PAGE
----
The final hours of hard-fought political campaigns are when politicians reveal much about themselves—and about what they think their electorates want to hear.
Then-President Donald Trump, in advance of a 2018 midterm that Republicans rightly feared might cost them their congressional majority, chose not to frame the votes as a referendum on the booming economy but as the "election of the caravan." Kamala Harris decided, in a way that foreshadowed administration policy, that two days before the 2020 election was the opportune time to make the case for "equity" as opposed to "equality."
So it's of particular concern, for both candidate and polity, that in the waning hours before Tuesday's ranked-choice vote New York Democratic mayoral frontrunner Eric Adams has been emphasizing the startling accusation that rivals Andrew Yang and Kathryn Garcia, by cross-promoting each other's candidacies, were engaged in politics resonant of Jim Crow.
"For them to come together like they are doing in the last three days," Adams, who is black, told The New York Times Saturday, "they're saying we can't trust a person of color to be the mayor of the City of New York when this city is overwhelmingly people of color."
Far from softening those Juneteenth allegations, Adams and his campaign have been sharpening them ever since, releasing an incendiary batch of surrogate conspiracy-mongering ("This is an attempt to bring the disgraceful national campaign of voter suppression to New York," "This is a cynical attempt by Garcia and Yang to disenfranchise Black voters," "[This] could be looked at as voter suppression through the ranked choice lens," etc.) and then digging in his heels during TV interviews Monday morning.
The Garcia/Yang collaboration "feeds into the signals of America," Adams charged on Fox. "We know America's dark past, everything from poll taxes to how we stopped the voting we've seen across the country. Many people felt this was symbolic of that."
Pressed by CNN's John Berman to disavow his surrogates' claims of voter suppression, Adams declined, saying: "I can say this: that African Americans are very clear on voter suppression, they know about a poll tax, we know about the fight that we've had historically, how you had to go through hurdles to vote. So if they feel based on their perception that is suppress-the-vote, than I respect their feelings, and it's not for me to determine their feelings."
Progressive candidate Maya Wiley, who is also black, smacked Adams back: "At a time when this country is seeing real voter suppression laws being enacted," Wiley declared in a statement, "using racism charges to undermine confidence in Ranked Choice Voting is cynical, self-interested and dangerous."
New York is no stranger to brawling ethnic politics (oftentimes literally), from the Irish takeover of Tammany Hall to the deadly Draft Riots of 1863 to the 1991 Crown Heights Riots and beyond. Race is frequently political subtext and often text. The desultory two terms of Mayor Bill de Blasio have been comparatively light on the open-ethnic-warfare front, though the recent apparent spike in anti-Asian violence has generated anxiety, as did conflicts last summer between the New York Police Departmen and Black Lives Matter protesters.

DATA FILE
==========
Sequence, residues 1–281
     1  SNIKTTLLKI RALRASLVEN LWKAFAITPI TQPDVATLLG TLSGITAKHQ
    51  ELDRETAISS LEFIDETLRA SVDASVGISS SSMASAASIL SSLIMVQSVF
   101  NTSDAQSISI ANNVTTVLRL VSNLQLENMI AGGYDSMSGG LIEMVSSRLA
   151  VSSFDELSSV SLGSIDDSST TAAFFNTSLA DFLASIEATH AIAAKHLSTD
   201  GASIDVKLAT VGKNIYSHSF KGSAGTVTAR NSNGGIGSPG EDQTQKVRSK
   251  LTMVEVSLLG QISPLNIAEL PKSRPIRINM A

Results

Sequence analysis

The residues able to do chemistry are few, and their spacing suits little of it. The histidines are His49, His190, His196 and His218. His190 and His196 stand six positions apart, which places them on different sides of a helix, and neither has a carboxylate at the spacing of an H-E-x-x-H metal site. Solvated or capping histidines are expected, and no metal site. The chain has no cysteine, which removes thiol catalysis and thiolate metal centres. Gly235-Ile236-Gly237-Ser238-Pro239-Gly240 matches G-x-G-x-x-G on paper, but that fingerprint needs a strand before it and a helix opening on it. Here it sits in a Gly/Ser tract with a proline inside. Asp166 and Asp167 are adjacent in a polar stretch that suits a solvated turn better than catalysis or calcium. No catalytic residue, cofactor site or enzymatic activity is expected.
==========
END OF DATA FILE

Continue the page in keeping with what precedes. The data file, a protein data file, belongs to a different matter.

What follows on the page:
The type of racial politics most exemplified by de Blasio is precisely the style we can expect from Adams, who de Blasio has been reportedly backing in private. That is: disturbingly casual accusations of racism, to be tossed around when the politician is cornered and/or can't get his way.
When New York last Thursday published a critical examination of Adams' murky background and political connections, Adams called it "a despicable racist portrayal of a New Yorker that has fought on the behalf of New Yorkers of all ethnicities."
When reporters—and Andrew Yang—started knocking Adams for maintaining what might be a primary residence in New Jersey, the former cop and current Brooklyn borough president shot back: "You're old enough to remember Obama and Trump, running around saying Obama was not born in America….This is the same thing. This is how people demonize….How dare Andrew Yang say a retired captain, a state senator, a borough president, significant other is an educator, we can't have two homes?…He has two homes. You don't see the hint of racism in that? That I can't have two homes?"
Calling critics and rivals racist may not win earn Adams many accolades in the local press—the headline on today's New York Times coverage is "Adams baselessly insists his rivals are trying to suppress Black people's votes." But he's clearly calculating that it will help him woo sections of the black and Latino electorate who may otherwise lean Wiley. (The two candidates are as diametrically opposed on the signature issue of crime as any pairing in this campaign.)
In that same Times piece, Fordham political science associate professor Christina Greer suggests that there may be an audience for Adams' allegations.
"I don't understand the Adams critique, but he may be critiquing the visual of the Asian and white alliance and asking out loud to voters if this is the dog-whistle coalition we can expect under a Yang or Garcia administration," Greer told the paper, "meaning Blacks and Latinos will be excluded from debates on housing, pay equity and schools….Adams speaks in a frequency that Black people and some working-class white people can hear."
As Eugene Volokh has often noted, behavior that gets rewarded gets repeated. If after making and amplifying conspiratorial accusations about racism, Adams is rewarded with the mayorality of America's largest city, expect New York's always-fraught identity politics to become even more central to political life. What could possibly go wrong?